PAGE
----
NY, Missouri attorneys general order companies to stop promoting alleged coronavirus cures
The World Health Organization says there is no treatment for the virus.
Two state attorneys general have ordered a prominent televangelist and other companies to stop peddling alleged coronavirus elixirs.
New York Attorney General Letitia James on Wednesday sent cease and desist orders to the Silver Edge Company and Sherrill Sellman for marketing products, such as "Silver Solution" and "Micro-Particle Colloidal Silver Generator," as successful treatments and cures for COVID-19. Last week, she sent a cease and desist order to televangelist Jim Bakker, who was also promoting supplements as effective treatments.
"Falsely marketing products as a treatment for a serious disease and charging steep prices is deeply unethical and unlawful," James said in a statement. "We will continue to go after any company that attempts to deceive the public, especially during this public health crisis."
Missouri Attorney General Eric Schmitt filed a lawsuit on Tuesday against Bakker, who has offices in the state, for misrepresentations about the effectiveness of "Silver Solution" as a coronavirus treatment.
Bakker was convicted in 1989 on multiple counts of fraud after he stole millions of dollars in a fundraising scandal. He spent five years in prison before returning to TV in 2003.
During a Feb. 12 episode of the "The Jim Bakker Show," Sellman claimed the so-called Silver Solution was able to eliminate some strains of coronavirus.
Asked if the Silver Solution would be effective against COVID-19, specifically, Sellman replied, "Let's say it hasn't been tested on this strain of the coronavirus, but it's been tested on other strains of the coronavirus and it has been able to eliminate it within 12 hours."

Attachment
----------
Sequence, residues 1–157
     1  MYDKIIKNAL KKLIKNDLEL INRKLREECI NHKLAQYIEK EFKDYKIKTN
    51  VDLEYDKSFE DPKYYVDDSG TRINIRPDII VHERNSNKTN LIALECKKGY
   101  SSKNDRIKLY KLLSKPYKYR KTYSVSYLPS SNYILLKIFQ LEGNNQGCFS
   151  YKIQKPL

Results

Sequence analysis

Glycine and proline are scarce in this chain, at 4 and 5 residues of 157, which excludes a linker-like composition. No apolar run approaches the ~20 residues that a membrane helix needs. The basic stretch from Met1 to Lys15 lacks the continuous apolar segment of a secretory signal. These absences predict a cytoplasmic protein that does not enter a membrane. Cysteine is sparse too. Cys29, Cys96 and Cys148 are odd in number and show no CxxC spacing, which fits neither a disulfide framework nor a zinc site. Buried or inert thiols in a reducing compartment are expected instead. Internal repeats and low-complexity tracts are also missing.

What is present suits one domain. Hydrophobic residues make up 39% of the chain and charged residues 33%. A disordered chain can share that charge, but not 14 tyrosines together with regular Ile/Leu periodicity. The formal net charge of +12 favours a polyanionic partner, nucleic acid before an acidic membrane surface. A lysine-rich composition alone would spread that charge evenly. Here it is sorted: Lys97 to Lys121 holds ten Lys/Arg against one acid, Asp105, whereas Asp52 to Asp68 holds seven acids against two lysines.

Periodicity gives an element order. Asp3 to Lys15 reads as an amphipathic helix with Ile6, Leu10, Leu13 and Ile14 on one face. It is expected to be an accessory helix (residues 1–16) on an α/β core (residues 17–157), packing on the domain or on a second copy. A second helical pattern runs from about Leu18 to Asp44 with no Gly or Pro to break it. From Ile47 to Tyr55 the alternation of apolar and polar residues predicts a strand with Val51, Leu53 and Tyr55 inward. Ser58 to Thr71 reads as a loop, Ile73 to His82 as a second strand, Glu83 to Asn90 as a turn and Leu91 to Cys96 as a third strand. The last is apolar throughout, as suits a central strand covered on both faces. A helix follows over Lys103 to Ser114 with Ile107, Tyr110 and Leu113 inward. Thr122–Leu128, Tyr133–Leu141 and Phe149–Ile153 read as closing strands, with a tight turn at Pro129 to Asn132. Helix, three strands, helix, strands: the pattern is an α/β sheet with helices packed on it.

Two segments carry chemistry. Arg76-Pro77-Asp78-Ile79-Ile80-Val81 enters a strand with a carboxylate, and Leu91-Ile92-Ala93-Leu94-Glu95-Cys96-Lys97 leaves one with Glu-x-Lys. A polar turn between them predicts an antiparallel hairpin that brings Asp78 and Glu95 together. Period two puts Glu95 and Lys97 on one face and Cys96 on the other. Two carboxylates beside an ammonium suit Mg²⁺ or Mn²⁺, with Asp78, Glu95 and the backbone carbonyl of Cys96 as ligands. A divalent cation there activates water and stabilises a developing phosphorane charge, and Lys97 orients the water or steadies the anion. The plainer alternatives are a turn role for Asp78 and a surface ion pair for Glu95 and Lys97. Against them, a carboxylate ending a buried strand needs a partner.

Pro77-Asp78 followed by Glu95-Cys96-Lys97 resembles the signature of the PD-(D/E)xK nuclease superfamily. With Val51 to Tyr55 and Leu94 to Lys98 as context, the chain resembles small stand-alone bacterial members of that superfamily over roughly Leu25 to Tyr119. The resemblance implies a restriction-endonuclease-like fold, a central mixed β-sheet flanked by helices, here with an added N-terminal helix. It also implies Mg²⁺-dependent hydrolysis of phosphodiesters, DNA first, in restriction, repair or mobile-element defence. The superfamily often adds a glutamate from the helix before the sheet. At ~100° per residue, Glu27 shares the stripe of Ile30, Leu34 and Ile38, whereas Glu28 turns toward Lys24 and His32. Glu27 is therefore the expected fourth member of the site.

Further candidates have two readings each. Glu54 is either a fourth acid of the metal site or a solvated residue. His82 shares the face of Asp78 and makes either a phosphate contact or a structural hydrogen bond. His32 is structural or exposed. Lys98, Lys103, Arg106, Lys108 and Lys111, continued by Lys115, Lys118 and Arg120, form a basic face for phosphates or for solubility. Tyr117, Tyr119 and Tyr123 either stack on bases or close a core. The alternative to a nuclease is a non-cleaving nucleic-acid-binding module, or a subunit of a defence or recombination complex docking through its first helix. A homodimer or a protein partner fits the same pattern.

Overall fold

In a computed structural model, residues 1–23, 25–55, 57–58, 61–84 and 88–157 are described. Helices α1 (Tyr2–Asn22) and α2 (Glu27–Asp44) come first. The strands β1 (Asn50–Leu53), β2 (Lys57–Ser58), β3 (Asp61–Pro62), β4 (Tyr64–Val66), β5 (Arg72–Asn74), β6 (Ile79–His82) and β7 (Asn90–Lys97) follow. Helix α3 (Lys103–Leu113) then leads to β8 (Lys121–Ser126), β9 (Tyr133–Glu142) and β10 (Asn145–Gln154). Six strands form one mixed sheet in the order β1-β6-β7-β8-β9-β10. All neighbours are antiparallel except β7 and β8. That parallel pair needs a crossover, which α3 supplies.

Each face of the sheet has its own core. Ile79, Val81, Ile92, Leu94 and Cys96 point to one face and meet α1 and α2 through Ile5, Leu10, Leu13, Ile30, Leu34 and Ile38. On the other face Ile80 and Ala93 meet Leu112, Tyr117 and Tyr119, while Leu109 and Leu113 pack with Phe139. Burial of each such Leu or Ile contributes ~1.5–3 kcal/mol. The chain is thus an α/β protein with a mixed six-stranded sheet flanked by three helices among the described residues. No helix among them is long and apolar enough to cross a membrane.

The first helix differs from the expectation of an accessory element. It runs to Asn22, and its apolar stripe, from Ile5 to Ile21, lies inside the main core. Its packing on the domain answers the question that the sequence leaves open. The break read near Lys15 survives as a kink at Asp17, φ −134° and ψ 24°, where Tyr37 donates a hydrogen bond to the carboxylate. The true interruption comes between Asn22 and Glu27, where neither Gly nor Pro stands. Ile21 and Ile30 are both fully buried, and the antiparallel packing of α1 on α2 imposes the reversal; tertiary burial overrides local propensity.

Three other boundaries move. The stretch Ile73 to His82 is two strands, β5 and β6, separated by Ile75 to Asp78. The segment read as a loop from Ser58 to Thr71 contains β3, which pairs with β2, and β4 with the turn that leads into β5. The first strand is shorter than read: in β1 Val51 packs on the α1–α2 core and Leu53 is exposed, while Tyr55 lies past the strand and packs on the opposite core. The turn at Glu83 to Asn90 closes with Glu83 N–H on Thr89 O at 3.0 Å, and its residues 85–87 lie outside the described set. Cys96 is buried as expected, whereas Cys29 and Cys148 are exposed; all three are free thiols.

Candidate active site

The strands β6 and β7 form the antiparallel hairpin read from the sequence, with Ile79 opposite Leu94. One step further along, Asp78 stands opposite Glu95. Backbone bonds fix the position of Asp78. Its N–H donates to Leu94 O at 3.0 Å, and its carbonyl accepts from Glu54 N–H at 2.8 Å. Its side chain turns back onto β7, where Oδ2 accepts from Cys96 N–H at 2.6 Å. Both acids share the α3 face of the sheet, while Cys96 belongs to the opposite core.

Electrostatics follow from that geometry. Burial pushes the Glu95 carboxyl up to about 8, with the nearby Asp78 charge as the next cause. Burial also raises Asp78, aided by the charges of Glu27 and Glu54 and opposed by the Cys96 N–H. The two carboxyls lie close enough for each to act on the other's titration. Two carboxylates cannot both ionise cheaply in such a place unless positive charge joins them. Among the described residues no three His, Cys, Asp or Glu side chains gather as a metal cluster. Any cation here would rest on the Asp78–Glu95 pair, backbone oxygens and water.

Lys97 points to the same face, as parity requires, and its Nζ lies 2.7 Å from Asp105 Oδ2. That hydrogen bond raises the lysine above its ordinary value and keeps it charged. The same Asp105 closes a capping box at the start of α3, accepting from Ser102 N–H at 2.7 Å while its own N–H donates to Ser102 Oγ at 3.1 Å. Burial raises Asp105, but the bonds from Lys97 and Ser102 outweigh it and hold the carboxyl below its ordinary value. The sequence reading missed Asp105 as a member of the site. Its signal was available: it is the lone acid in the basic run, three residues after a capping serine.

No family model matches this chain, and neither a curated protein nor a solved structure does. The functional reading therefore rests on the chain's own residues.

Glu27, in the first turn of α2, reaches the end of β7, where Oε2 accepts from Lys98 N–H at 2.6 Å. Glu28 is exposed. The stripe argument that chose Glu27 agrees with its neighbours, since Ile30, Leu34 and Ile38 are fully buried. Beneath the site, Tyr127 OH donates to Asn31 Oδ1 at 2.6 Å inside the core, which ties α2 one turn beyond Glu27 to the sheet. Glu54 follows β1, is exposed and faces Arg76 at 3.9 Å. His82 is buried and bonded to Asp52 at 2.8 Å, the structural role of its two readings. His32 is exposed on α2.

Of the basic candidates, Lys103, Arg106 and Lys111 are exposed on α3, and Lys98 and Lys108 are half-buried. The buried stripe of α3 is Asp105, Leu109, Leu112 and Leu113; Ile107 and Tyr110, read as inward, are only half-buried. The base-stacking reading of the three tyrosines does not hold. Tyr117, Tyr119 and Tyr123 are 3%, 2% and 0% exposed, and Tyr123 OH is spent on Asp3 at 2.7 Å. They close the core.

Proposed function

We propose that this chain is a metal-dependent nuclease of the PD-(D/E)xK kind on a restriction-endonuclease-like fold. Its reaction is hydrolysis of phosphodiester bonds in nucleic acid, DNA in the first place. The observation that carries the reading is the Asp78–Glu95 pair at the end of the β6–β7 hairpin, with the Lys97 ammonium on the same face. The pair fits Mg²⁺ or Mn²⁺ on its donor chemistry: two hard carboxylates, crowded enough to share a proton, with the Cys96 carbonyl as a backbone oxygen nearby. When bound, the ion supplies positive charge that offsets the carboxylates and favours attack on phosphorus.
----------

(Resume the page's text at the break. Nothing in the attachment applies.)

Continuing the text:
According to the World Health Organization, there are no current cures or direct treatments for the novel coronavirus, and the Centers for Disease Control and Prevention said there's no known cure for other coronavirus variants that cause SARS and MERS.
"Your show's segment may mislead consumers as to the effectiveness of the Silver Solution product in protecting against the current outbreak," the the New York cease-and-desist order against Bakker said. "Any representation on the Jim Bakker Show that its Silver Solution products are effective at combating and/or treating the 2019 novel coronavirus violates New York law."
The product is available for purchase on the show's website, and the Federal Trade Commission issued warning letters to Bakker and other companies to stop promoting Silver Solution as a coronavirus treatment.
Schmitt's lawsuit requests a restraining order and permanent injunction ordering Bakker to stop selling Silver Solution as a virus treatment.
James ordered Silver Edge, Sellman and Bakker to stop promoting the product as a coronavirus cure or treatment, and for Bakker to put a disclaimer on his site that says the product hasn't been evaluated by the Food and Drug Administration. James' office gave all three parties 10 days to show that they complied with the orders, or they'll face legal action.
Bakker, Silver Edge and Sellman didn't respond to requests for comment from ABC News.
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